Primo’s aims, whether in Morocco, in the labour field or in his other initiatives, were directed to benefit the Patria (the Nation or Fatherland). In his mind, the sickness of Spain was fundamentally the result of venal and incompetent politicians whom he despised. By dissolving the Cortes he removed those professional politicians, and replaced civil governors with military personnel. His aim was to eradicate the corrupt practices of caciquismo, especially in the provinces where it was most entrenched. It was the kind of revolution from above that a former prime minister, Antonio Maura, had dreamed of a little earlier, but had been unable to implement.
In 1924, Primo created a single apolitical party, the aptly named Unión Patriótica (UP), to replace self-interested political parties. The UP’s aim was to regenerate political life to benefit the state. It was through the UP that Primo hoped to transfer power to civilian authorities after the military directorate had fulfilled its purpose. Although the UP claimed no political ideology, its Catholic roots in conservative Castile ensured support for the defence of “traditional” values: property, religion, the family, the Patria. Its official mouthpiece was the appropriately named newspaper, La Nación (The Nation), launched in October 1925.
The traditional values advocated by the UP were those espoused by Primo himself. For conservatives, the Catholic roots were integral to the historic fabric of Spanish society and fundamental to the country’s identity. One apologist for the regime (José María Pemán) went so far as to argue that religious dissension was antipatriotic and unSpanish. It was a myopic view of patriotism, but nevertheless became a mantra for the Catholic right. The church, then, had nothing to lose and everything to gain from a traditionalist regime that equated the regeneration of the Patria with its Catholic heritage, and attacked the progress of secularization. Not surprisingly, the ecclesiastical hierarchy welcomed the coup with open arms and hailed Primo as saviour of the nation.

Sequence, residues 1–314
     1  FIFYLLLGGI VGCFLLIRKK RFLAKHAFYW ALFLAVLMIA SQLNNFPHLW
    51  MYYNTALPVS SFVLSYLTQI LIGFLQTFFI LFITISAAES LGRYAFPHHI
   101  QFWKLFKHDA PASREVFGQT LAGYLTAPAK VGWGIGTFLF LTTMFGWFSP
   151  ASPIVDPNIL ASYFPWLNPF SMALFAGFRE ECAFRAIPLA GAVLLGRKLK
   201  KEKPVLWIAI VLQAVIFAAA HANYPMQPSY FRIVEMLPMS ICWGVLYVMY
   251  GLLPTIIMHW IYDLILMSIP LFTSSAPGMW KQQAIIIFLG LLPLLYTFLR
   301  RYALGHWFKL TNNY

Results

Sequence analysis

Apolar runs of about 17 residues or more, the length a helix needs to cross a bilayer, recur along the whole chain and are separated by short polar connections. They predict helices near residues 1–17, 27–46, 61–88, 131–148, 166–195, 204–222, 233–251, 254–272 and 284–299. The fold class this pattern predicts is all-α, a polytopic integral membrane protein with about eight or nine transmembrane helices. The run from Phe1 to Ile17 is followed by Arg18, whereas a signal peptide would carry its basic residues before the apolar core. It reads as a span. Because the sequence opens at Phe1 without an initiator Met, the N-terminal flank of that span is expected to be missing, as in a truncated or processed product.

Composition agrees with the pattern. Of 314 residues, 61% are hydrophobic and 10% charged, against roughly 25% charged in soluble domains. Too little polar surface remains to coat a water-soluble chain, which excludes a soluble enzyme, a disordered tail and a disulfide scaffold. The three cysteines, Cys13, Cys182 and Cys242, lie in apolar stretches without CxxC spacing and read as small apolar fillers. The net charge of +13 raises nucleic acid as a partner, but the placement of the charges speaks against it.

A state visit to Rome with the king shortly after Primo took power set the tone for a “regenerated” Spain in which the church was to have a pivotal role. Using an historic and by now familiar image, the king delivered a speech before the Holy Father which he committed Spain to a new “crusade” should the pope see fit to declare one. Anachronistic as it might appear to non-Spaniards, a crusade still held a powerful, emotional appeal for the conservative faithful in Spain. The church itself invoked the same image at the outbreak of the Civil War in 1936.